- We help your partner feel like a rock star. A lot of folks who are unsure about hiring a doula are worried that their partner/spouse will be replaced. This couldn’t be farther from the truth! In fact, our goal is to help your partner feel more included than they would have if we hadn’t been there. We do this by teaching and reassuring during our prenatal visits, through gentle reminders about the birthing process and comforting techniques during labor, and by paying attention to the experience the partner may be having and the feelings associated with it, which can include anxiety and fear as well as joy and pride. We are there to support those experiences and to normalize them so that the two of you can work even more effectively as a team. And if your teamwork as a couple is working naturally and smoothly as it often does, we protect the space around you for that to happen. We do this by interacting with the staff and with the environment in a sensitive manner relevant to our job role.
- We are with you in the days after you give birth. Your provider will make their rounds and visit you in the hospital, but we will visit you at home just a day or so after you are discharged. If we are your postpartum doula, we are with you for longer periods, including overnights if you desire, in those days as you are getting to know your new baby. Postpartum doulas (a separate service) help you gain confidence in your parenting instincts and provide much-needed practical newborn support. This can be such an important aspect of your physical and emotional healing process. As birth doulas, we are there to normalize the physical changes occurring which can feel so abnormal to new parents, and we know when medical referrals are immediately necessary. And when all is well, we are simply there to listen. New parents have an intense desire to share their birth stories; this is something pretty universal and it’s just inexplicable until you’ve experienced it. Doulas are there as a witness to hear things from your perspective.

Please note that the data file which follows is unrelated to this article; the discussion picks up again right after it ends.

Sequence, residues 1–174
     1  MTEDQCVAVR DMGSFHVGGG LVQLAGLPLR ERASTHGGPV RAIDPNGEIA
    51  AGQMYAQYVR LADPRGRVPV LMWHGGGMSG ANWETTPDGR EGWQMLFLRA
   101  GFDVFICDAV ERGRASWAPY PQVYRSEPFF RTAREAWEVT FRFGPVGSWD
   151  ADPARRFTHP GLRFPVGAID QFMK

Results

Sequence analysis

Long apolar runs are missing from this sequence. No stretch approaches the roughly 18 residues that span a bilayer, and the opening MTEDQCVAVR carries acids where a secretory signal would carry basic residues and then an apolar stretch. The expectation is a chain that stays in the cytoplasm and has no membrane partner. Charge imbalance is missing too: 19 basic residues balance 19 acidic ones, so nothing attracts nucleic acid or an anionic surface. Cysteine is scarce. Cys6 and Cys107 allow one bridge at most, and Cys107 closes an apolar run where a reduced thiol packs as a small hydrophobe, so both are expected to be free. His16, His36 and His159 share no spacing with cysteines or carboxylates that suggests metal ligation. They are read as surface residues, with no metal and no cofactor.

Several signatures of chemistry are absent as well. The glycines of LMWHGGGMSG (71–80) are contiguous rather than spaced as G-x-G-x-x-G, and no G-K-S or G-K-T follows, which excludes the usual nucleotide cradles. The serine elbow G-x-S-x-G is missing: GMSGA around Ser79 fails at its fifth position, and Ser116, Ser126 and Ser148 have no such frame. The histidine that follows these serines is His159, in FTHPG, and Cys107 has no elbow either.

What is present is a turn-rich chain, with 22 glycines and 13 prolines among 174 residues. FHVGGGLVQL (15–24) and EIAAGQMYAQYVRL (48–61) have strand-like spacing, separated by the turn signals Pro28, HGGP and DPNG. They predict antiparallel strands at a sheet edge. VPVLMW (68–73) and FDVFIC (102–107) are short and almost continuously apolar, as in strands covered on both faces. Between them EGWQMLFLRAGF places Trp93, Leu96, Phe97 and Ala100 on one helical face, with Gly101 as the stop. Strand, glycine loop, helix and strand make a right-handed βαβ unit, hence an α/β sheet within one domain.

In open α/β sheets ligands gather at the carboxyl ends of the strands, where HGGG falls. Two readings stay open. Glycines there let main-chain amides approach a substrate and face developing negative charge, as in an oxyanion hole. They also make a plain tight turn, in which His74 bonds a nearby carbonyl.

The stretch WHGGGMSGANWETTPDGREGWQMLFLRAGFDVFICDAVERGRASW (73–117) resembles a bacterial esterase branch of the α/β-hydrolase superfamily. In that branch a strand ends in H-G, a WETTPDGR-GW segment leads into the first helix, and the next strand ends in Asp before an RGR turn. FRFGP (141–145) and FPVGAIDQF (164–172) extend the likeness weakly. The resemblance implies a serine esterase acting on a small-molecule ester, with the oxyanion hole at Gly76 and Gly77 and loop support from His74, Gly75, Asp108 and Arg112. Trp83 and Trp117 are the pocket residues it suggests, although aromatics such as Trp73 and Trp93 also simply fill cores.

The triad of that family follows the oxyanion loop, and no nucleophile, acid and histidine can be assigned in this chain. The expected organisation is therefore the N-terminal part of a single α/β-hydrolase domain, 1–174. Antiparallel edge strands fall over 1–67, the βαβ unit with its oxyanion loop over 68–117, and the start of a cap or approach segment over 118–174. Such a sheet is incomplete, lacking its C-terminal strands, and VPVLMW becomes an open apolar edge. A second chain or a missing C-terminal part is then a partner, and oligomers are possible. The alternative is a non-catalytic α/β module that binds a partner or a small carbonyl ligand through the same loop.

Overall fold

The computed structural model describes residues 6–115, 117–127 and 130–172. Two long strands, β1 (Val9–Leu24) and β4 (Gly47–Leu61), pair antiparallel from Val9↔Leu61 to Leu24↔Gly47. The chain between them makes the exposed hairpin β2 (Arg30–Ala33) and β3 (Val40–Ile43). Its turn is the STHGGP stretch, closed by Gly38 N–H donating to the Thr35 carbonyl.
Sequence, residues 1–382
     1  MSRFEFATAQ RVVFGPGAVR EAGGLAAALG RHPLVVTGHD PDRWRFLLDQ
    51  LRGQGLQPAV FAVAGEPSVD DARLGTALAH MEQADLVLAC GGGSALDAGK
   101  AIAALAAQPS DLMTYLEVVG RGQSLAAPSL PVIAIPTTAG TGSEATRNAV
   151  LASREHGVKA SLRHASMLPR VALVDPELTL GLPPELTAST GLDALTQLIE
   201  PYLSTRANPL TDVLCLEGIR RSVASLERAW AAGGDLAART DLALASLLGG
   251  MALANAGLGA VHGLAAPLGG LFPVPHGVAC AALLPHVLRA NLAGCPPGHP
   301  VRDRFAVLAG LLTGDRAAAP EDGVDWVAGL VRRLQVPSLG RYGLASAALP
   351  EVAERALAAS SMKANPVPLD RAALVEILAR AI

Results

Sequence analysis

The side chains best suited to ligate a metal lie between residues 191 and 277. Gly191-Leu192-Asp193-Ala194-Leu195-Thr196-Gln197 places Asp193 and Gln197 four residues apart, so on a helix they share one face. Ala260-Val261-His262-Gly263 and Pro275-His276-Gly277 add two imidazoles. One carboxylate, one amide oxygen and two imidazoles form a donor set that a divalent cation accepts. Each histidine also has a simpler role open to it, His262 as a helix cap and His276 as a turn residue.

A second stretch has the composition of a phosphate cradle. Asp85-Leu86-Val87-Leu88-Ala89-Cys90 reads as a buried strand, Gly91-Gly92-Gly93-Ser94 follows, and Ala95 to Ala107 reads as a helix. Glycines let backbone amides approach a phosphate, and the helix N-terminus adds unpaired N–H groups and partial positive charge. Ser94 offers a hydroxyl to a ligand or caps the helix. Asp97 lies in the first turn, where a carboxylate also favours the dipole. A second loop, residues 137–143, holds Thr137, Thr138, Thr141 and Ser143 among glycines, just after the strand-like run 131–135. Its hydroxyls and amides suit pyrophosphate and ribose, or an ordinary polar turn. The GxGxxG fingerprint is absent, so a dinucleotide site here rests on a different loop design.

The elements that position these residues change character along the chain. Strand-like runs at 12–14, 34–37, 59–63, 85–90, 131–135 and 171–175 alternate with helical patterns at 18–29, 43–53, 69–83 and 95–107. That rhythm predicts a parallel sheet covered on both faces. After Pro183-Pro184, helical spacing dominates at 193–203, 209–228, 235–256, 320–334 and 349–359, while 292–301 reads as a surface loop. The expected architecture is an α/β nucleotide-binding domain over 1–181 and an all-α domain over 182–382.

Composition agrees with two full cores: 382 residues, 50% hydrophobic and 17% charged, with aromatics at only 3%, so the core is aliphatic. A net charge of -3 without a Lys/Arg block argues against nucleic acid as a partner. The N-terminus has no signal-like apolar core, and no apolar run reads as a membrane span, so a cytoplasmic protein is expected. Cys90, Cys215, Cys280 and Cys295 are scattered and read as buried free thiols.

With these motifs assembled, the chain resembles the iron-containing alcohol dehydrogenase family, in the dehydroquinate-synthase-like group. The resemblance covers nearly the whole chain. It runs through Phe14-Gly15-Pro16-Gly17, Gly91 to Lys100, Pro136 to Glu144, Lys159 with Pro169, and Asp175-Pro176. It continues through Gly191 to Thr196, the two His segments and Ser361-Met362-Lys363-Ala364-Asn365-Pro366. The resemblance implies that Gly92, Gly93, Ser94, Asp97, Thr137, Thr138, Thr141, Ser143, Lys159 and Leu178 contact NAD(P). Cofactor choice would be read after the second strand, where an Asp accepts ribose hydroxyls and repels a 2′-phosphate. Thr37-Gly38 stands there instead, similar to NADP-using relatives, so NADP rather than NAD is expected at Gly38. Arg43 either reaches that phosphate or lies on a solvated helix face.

OK but do I really need a doula (I mean, really)?
These are a few of the major ways doulas enhance your birthing day and postpartum period. So when we say that doulas are needed it isn’t that we are essential to the mechanics of giving birth or to newborn care, as that obviously isn’t true. It’s that we have developed an incredibly valuable, professional service which addresses the needs of modern birthing people. As a doula educator I am so very proud of this. This function was so naturally performed in villages in the past, and still happens as a function of culture in other places in the world today.
In the modern, developed world with all its bells and whistles, it’s easy to lose sight of why a doula’s comforting touch is needed. But I would argue that’s actually what makes doulas even more necessary. Compassion is necessary during pregnancy and birth, so why wouldn’t doulas be? We certainly expect that your medical care team also approaches everything they do with compassion and sensitivity (and doulas help you identify and find the qualities you are looking for in a provider), but we know in reality that emotional support is not always ideal in medical systems and settings. Birth can be unpredictable and doulas are a steady rock in those challenging, sometimes frightening, and joyful moments. So I hope you will keep these points in mind regarding why you need a doctor or midwife, a nurse and a doula as you decide whether to hire one, as well as by sharing these points with friends and family in the future!